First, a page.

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June 9, 2023

Jupiter May Climate News Wrap-Up


The Top Climate Risk News Highlights For May

In the month of May, climate news centered around alarming rising temperatures and the impacts of climate change on various industries including oil and gas, insurance, and financial services. Learn more about how Jupiter is helping companies around the globe assess their physical climate risk, or request a demo

#1. It’s looking like temps will be pushed into uncharted territory according to the WMO

According to a May 17 press release from the World Meteorological Organization, there is a 66% chance the annual near-surface global temperature between 2023 and 2027 will reach more than 1.5°C fuelled by heat-trapping greenhouse gasses and a naturally occurring El Niño event. And that there is a 98% likelihood that at least one of the next five years, and the five-year period as a whole, will be the warmest on record.

Secretary General Professor Taalas states that the next five years will push global temperatures into uncharted territory and will have far-reaching consequences related to health, food security, water management and the environment. 

Jupiter’s CEO, Rich Sorkin, shared his perspective on his LinkedIn page just days ago calling on government agencies to get involved now and start investing to build resilience before it’s too late. 

#2. A mortgage slump due to climate change? 

The Environment Journal highlighted new research from Bain & Company that leveraged data from Jupiter ClimateScore Global that shows how major lenders are not adapting to reflect the growing risk of a climate-related mortgage slump. 

The report reveals that only 18% of the world's largest banks have started incorporating physical risks to property in their mortgage lending strategies. The majority of these banks have neglected to include such risks in their strategy definitions, target frameworks, product ranges, and customer and client communications.

This is concerning considering the increasing threat posed by climate events, such as flooding, to properties worldwide. In several countries, a significant proportion of land is already at risk from these "physical perils," and this risk is expected to grow significantly in the near and medium-term. For example, the United States currently has 43% of its landmass considered at risk, which is projected to rise to 65% by 2050. Similarly, in Indonesia, 31% of land is at risk, and this figure is expected to reach 97% within the same period.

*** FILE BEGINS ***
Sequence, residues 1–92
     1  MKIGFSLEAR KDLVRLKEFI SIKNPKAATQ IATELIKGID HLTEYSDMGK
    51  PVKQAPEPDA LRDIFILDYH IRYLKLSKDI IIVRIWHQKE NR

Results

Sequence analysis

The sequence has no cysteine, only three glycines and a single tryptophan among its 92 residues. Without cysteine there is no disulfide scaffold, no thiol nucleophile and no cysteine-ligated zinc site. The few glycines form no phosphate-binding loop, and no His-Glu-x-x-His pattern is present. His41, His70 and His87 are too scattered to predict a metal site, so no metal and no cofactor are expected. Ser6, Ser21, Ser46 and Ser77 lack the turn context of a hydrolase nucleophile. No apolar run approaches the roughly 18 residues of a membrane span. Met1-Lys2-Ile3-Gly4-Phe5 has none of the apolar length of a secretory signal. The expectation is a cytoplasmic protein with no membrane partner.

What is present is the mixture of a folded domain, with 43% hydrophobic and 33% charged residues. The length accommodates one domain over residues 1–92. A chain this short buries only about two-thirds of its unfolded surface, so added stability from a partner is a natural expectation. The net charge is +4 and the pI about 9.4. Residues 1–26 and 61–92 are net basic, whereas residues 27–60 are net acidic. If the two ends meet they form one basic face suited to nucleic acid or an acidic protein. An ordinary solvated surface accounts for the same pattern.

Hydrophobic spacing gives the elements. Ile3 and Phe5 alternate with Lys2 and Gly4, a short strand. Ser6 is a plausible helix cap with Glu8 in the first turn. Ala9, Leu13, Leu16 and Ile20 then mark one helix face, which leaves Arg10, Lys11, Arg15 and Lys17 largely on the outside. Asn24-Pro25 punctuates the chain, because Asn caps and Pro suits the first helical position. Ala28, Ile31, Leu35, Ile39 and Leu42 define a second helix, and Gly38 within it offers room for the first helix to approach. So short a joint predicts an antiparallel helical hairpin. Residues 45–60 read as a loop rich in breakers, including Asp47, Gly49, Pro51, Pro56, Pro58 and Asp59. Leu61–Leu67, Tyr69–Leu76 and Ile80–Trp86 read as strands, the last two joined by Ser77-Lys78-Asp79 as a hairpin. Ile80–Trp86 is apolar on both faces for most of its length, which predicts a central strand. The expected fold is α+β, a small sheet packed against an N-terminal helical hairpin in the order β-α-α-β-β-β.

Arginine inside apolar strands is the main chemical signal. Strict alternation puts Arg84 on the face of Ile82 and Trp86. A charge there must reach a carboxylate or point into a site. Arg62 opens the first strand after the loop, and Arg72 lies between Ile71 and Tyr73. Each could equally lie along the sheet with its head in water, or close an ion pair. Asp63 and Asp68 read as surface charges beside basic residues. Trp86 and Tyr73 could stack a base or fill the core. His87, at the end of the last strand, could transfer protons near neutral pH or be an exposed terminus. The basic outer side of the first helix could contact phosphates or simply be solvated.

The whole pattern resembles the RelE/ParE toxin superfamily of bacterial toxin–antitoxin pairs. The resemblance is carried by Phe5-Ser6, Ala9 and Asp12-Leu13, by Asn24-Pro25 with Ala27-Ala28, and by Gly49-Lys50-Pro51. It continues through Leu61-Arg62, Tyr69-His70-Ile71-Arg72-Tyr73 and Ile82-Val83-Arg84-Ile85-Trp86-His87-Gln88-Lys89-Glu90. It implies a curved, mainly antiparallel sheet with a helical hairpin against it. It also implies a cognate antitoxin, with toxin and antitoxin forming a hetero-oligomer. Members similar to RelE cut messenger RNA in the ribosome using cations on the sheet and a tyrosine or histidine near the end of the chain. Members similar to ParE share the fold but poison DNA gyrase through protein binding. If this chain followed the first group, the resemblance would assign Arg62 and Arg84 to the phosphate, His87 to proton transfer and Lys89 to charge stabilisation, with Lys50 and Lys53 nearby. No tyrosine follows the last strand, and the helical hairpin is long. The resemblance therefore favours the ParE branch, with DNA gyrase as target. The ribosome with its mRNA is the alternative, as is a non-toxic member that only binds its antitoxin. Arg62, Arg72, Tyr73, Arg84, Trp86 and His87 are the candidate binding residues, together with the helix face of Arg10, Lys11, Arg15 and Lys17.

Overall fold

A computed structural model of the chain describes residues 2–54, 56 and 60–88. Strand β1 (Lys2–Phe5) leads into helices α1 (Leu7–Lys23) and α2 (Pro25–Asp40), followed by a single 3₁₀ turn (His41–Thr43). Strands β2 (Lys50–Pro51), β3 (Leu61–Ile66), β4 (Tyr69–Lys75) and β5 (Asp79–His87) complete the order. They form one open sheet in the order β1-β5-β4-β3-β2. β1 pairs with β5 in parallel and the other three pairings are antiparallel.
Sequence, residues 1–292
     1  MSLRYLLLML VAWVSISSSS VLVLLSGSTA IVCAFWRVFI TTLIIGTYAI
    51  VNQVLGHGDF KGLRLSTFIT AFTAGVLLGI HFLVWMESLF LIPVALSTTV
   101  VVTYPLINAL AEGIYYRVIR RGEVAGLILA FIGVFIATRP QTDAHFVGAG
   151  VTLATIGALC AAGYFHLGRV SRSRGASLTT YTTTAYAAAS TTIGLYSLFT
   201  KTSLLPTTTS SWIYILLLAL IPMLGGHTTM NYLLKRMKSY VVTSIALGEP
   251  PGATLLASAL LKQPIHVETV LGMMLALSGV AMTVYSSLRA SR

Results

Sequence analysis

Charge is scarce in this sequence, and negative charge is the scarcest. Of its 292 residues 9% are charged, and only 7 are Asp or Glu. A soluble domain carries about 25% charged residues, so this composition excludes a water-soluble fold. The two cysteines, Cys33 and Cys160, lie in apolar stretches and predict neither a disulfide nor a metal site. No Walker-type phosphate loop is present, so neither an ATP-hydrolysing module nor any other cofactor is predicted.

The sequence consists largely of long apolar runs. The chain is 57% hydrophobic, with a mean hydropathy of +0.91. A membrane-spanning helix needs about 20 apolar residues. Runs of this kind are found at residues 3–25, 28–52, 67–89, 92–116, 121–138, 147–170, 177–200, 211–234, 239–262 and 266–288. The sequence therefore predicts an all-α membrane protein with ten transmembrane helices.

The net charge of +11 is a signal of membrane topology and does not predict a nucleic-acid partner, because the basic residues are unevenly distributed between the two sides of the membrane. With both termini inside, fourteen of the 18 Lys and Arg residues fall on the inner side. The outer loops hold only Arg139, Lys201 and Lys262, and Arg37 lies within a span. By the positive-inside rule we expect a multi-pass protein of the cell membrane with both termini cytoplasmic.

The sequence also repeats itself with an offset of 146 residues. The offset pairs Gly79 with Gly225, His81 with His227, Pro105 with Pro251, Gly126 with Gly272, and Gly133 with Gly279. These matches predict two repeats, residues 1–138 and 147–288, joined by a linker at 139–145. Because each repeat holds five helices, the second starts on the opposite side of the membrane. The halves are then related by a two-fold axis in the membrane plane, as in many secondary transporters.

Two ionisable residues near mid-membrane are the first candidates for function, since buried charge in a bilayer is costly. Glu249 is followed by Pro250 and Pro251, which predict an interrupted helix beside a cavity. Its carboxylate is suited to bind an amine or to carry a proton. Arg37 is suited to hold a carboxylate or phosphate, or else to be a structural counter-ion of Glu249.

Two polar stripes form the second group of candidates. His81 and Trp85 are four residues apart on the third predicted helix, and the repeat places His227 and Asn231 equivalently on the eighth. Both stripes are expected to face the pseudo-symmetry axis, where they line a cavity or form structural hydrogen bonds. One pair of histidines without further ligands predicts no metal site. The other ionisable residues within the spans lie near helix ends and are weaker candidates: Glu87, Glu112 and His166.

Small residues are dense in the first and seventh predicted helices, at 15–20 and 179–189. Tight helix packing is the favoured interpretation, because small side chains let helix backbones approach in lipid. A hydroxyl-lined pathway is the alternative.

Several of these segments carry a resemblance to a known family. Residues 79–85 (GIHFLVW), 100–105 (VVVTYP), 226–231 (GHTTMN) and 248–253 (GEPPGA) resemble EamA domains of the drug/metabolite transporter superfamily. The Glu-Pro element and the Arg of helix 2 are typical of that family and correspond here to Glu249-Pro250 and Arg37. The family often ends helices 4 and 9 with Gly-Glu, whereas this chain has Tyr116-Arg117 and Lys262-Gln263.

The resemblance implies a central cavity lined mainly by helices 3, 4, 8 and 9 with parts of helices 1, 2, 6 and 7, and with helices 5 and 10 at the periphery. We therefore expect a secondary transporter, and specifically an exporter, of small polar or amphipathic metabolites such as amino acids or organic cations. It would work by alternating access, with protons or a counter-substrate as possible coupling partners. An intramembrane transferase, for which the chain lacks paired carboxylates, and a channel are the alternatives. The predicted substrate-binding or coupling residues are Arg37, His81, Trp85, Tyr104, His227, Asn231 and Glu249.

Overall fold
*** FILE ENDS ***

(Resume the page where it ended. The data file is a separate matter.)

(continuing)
European countries also face similar challenges. Germany currently has 33% of its area under threat, which will increase to 68% in the next 30 years. Italy faces a similar situation, with 40% of its land at risk, projected to rise to 62%. A simulated bank model focused on Italy's portfolio suggests that without mitigation efforts, the value of mortgage collateral could drop by up to 15% by 2050, impacting profitability by as much as 10%.

Camille Goossens, senior partner at Bain & Company responsible for Sustainability and Responsibility Financial Services, emphasizes that climate change will profoundly impact properties globally, and no market is immune to its effects. However, many banks have not yet taken the necessary steps to adapt their business strategies and mitigate future climate-related risks. Without a comprehensive approach to addressing these risks in their portfolios, banks could face significant compromises in the future.

#3. The insurance industry is in need of more climate risk modeling

This month NPR covered the hot topic of extreme weather driven by climate change and how that is impacting the insurance industry. Climate-induced floods, hurricanes, wildfires and heat waves cause billions of dollars in damage every year in the United States alone. These growing costs are taking a toll on the insurance industry. Yet there’s hope that future-forward climate data and analytics will help insurers assess high-risk areas over the next 5, 10, 30 years, and adjust their business models to adapt.    

What we’ve heard from insurance companies time and again is that there isn’t enough scientifically rigorous climate data available to accurately assess what the future looks like, and without this information, insurers aren’t able to build risk into underwriting. 

This is where Jupiter comes in. We help insurers and lenders obtain an in-depth look at the risk across their entire portfolios to get a better understanding of what business processes will need to change to become more resilient to the impacts of a changing climate. 

#4 Biden Administration Announced New Regulation to Limit Greenhouse Gas Pollution from Power Plants 

On May 11, the Biden administration announced the first regulations to limit greenhouse pollution from existing power plants, which when combined with other climate policies in play, could greatly reduce the nation’s contribution to global warming.

It would set caps on pollution rates, which power plant operators would have to meet whether done through using different technologies or, in the case of gas plants, switching to fuel sources like green hydrogen. 

The goal of the proposed regulations are to help eliminate carbon dioxide emissions from the nation's electricity sector. According to the New York Times article, the nation’s 3,400 coal- and gas-fired power plants currently generate about 25 percent of greenhouse gases produced by the United States, pollution that is dangerously heating the planet. The full New York Times article contains more of the details around the regulations. 


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